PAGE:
A Newfoundland seafood processor has won a $100,000 lawsuit against a fisherman who agreed to buy a boat and a fishing licence shortly before the Newfoundland government imposed the moratorium on fishing cod.
According to court documents obtained by the Telegram, fisherman Wayne Coady of St. John’s agreed in December 1991 to buy the unfinished boat Penney’s Dream. He bought it for a dollar, and the agreement was Coady would complete the vessel’s construction and then pay Quinlan Brothers Ltd. about $1 million after it was finished. The following May, Quinlan Brothers agreed to transfer an otter trawl licence to Coady, allowing him to harvest groundfish by dragging an otter trawl along the ocean floor. Coady agreed to pay 10 per cent of his total catch from the trawl or $100,000 in a lump sum at any time.
By the time Coady finished Penney’s Dream — and renamed it Atlantic Storm — and began fishing, it was June 1992, shortly before the cod moratorium was declared on July 2 that year. Coady’s plans were dealt another blow later that month when he was denied financing from the Fisheries Loan Board, which he was counting on to pay for the Atlantic Storm.
“Mr. Coady subsequently ret-urned the ‘bluebook’ for the Atlantic Storm to an employee of Quinlans, and on Sept. 30, 1992, he formally conveyed his interest in the vessel back to Quinlans for $1,” according to court records. What was to be done with the otter trawl licence was not discussed at the time, but in 1997, Coady began to fish on it, but didn’t sell the 10 per cent of his catch to Quinlans or pay the lump sum. In 2002, the company sued him for the return of the licence.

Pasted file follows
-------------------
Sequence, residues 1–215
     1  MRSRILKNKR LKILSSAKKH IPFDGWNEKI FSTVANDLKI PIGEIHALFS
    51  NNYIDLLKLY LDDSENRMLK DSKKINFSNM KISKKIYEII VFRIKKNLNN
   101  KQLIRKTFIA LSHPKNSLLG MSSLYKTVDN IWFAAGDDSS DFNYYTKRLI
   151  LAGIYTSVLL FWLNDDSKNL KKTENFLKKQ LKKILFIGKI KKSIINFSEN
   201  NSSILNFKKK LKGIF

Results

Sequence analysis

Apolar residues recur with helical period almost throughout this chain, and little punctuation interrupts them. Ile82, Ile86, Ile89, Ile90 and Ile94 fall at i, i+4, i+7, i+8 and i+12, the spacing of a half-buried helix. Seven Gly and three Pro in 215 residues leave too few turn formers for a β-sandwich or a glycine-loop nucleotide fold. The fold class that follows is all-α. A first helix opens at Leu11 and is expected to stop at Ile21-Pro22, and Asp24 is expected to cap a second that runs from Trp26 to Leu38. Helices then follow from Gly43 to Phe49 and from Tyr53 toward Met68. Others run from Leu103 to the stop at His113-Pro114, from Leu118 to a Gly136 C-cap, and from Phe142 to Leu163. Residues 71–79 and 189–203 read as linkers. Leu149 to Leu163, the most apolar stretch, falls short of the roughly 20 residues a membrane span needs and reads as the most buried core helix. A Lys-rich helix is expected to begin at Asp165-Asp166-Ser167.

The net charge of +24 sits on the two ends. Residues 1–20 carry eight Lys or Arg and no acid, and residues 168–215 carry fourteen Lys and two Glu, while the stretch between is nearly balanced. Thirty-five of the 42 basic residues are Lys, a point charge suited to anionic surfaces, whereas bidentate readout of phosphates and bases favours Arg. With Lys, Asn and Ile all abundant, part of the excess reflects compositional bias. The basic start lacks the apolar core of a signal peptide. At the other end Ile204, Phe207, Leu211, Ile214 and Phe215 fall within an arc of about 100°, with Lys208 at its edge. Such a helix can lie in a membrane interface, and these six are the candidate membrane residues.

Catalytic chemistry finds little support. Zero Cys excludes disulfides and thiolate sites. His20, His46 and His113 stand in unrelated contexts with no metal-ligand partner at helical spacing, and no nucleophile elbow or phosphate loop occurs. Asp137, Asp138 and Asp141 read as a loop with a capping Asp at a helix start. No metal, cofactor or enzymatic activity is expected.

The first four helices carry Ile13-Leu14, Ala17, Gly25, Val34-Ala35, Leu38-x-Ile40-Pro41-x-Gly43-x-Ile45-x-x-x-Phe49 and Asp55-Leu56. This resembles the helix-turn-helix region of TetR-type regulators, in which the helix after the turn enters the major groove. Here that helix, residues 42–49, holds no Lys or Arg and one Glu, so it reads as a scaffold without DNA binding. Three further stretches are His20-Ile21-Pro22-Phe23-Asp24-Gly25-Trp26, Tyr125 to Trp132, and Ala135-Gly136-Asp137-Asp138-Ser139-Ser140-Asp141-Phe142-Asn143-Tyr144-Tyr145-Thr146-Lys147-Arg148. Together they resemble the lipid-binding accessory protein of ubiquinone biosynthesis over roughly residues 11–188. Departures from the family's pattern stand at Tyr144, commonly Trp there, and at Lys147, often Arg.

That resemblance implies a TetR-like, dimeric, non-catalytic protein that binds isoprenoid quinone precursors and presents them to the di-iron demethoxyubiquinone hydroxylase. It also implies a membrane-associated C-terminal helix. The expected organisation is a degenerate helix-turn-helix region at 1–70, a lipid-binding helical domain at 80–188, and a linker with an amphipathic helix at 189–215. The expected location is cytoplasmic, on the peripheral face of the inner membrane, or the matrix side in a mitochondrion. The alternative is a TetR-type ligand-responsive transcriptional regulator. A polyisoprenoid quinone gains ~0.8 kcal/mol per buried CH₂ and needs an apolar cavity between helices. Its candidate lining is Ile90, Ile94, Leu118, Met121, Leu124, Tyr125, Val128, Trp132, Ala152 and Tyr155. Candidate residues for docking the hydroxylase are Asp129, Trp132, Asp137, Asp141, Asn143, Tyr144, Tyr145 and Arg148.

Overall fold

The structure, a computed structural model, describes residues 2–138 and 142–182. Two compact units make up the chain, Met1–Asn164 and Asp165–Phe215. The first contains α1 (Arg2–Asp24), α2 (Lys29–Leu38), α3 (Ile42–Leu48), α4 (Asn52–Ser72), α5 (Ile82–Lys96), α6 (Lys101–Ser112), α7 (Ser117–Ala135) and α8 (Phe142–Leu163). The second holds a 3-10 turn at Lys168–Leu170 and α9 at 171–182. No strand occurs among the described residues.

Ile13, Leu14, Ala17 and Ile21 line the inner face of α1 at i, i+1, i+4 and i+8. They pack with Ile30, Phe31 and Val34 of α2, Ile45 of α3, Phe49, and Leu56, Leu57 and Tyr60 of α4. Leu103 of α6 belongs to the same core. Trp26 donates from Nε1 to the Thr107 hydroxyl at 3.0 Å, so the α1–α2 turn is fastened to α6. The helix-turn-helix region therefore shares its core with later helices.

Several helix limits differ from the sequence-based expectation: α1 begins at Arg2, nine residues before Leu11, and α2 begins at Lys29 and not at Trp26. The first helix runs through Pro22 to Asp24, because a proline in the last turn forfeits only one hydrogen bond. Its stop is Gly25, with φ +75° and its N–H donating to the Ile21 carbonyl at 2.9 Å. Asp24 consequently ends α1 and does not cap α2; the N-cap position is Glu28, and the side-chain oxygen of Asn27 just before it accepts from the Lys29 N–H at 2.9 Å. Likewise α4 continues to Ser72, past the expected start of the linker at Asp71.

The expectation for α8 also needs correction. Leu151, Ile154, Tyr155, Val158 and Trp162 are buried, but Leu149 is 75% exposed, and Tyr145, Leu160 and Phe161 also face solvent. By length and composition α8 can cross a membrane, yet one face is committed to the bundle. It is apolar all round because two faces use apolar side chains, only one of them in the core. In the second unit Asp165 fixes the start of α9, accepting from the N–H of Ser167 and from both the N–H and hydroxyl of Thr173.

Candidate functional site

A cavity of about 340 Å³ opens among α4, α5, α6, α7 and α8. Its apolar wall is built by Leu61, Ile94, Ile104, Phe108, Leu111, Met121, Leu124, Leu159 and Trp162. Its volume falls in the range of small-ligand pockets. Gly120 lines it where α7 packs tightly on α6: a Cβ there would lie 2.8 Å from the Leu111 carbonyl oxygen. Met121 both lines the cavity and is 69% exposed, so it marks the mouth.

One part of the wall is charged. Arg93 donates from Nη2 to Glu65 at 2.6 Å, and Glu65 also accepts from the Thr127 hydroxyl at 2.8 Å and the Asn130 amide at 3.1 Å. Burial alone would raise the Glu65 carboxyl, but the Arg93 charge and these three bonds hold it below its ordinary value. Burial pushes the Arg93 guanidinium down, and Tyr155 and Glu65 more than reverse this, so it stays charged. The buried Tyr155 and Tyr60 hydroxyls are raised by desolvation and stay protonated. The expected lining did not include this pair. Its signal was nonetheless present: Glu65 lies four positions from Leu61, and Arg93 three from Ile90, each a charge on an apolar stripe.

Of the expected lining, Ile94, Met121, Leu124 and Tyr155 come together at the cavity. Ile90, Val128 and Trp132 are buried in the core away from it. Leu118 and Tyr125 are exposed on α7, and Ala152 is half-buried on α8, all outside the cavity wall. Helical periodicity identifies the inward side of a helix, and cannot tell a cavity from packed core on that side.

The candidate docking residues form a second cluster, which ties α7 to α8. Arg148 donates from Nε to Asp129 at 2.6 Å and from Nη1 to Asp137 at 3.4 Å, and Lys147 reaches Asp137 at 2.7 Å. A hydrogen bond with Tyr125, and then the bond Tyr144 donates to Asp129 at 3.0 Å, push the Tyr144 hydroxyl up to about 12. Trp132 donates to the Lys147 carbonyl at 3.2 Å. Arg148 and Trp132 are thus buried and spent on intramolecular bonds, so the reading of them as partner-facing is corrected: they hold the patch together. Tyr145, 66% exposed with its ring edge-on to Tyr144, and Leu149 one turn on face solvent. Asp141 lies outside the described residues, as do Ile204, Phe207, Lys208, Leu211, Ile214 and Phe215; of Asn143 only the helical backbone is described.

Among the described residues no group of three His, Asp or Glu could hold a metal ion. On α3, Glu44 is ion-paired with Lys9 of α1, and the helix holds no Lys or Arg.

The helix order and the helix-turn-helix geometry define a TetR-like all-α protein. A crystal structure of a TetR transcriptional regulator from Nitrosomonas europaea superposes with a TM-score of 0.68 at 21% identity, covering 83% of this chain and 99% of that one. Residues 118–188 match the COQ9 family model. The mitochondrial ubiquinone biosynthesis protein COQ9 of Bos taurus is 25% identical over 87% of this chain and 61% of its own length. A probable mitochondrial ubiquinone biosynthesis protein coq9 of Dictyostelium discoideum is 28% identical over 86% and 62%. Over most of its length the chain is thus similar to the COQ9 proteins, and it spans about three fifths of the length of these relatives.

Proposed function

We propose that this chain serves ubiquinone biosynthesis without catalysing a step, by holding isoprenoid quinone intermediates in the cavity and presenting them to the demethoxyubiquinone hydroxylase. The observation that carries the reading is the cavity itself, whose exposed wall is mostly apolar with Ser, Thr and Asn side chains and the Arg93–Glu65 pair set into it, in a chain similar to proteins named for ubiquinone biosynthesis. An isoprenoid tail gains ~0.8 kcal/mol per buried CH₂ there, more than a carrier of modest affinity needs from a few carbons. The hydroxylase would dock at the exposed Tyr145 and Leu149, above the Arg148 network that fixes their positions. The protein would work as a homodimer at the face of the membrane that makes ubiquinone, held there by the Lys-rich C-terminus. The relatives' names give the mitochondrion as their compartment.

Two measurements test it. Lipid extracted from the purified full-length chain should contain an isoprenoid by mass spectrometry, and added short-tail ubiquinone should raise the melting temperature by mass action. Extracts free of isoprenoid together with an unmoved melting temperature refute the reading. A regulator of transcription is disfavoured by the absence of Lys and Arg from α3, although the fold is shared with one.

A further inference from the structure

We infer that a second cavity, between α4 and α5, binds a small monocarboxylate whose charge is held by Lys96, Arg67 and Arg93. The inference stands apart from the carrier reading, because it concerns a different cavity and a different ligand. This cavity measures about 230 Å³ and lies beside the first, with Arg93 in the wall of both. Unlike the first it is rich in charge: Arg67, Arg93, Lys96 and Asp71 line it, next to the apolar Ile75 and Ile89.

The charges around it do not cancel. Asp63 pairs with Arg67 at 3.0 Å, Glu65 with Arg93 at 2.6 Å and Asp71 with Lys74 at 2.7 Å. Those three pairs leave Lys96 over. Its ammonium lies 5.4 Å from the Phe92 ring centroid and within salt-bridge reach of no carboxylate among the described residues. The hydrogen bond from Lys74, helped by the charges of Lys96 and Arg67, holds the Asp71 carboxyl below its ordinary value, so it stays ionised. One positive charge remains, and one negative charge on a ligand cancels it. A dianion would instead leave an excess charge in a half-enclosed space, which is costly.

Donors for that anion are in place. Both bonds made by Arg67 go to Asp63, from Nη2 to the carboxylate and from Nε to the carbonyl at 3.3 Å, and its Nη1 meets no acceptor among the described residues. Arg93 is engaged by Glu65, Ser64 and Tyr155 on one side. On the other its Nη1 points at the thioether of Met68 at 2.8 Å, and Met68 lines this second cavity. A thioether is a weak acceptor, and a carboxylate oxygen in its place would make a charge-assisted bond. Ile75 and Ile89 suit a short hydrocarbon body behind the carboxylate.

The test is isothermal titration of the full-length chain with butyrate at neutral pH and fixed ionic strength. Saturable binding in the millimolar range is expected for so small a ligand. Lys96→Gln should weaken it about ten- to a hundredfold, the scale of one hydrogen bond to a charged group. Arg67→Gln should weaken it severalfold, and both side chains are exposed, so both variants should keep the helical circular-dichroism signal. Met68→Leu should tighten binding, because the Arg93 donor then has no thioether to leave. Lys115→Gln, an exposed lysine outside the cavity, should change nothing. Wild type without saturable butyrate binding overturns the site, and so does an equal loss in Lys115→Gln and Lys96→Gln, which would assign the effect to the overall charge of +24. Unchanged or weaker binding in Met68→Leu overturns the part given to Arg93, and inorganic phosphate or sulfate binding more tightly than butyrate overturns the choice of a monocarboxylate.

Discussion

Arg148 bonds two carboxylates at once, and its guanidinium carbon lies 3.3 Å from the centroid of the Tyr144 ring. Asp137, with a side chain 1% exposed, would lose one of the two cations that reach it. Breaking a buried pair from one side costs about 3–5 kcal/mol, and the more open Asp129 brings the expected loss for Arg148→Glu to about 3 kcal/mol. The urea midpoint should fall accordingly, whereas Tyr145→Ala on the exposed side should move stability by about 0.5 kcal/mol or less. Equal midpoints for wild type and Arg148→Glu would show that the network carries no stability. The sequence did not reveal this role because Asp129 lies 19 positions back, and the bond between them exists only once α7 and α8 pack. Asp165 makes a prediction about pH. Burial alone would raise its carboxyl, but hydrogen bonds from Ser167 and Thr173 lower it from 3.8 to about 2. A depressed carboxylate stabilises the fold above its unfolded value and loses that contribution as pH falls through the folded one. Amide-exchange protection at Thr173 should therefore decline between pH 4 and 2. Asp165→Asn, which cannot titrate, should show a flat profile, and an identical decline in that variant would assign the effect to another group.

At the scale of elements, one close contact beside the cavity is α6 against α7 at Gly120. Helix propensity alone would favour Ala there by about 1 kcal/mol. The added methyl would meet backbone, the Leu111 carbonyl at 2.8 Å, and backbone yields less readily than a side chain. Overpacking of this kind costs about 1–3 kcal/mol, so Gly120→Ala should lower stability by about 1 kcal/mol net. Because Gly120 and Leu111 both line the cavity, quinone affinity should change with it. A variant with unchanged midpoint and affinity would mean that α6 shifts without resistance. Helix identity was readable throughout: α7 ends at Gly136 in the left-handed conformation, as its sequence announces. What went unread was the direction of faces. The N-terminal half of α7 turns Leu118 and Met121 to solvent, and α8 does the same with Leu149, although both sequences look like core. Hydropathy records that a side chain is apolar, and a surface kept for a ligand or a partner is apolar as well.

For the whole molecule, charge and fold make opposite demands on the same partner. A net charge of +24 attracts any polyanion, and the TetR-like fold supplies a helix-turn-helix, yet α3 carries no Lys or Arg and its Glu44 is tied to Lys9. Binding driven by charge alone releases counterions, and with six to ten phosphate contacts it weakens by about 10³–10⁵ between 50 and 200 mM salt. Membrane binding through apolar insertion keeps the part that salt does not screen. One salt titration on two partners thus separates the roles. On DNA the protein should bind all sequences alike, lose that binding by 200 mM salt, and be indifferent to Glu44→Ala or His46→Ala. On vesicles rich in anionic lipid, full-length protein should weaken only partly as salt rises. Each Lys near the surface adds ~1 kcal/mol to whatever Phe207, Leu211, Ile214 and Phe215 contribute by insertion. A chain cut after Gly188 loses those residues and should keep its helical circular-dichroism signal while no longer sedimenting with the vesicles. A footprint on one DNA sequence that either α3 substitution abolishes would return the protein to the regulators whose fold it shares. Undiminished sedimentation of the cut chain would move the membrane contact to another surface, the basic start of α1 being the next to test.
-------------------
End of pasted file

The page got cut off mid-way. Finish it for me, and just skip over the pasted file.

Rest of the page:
Shortly after Coady learned of the lawsuit he sold the licence to a third party for $275,000, so Quinlan Brothers amended its claim, seeking monetary damages based on the original agreement.
The judge dismissed Quinlan Brothers’ suit, deciding the company and Coady “implicitly agreed to abandon or walk away from their rights and obligations pursuant to the otter trawl licence agreement in the summer of 1992,” but a Supreme Court appeal last month overturned the ruling and found in favour of Quinlan Brothers.
Newfoundland and Labrador Supreme Court Justice Lois Hoegg found fault with inferences made by the trial judge, such as that the Quinlans presumably let Coady keep the otter trawl licence — rendered much less valuable by the moratorium — as compensation for his work in making the Atlantic Storm seaworthy. But Hoegg noted the moratorium also made the Atlantic Dream considerably less valuable too.
“While there is little doubt that a fully constructed vessel is better than an incompletely constructed vessel, the value of the Atlantic Storm may have been affected by the moratorium,” wrote Hoegg in her May 9 decision. “The trial judge found that the otter trawl licence was worth less as a result of the moratorium, but he did not apply similar reasoning to the value of the vessel.”
Hoegg found the trial judge “committed palpable and overriding error” in applying the law to determine Quinlan Brothers and Coady had agreed to abandon the otter trawl licence agreement, saying no agreement was ever made.
“Mr. Coady’s position was only that he assumed that Quinlans was not standing on its contractual rights because the otter trawl licence had not been discussed. Ignoring an agreement by the parties does not establish a new agreement to end the old one,” she wrote. Hoegg awarded Quinlan Brothers $100,000 plus pre-judgment interest accruing from the date of its claim, as well as court costs.
Coady could not be reached for comment. Calls to Quinlan Brothers requesting comment from president Patrick Quinlan — named in the decision as the company principal who made the deals with Coady — were not returned.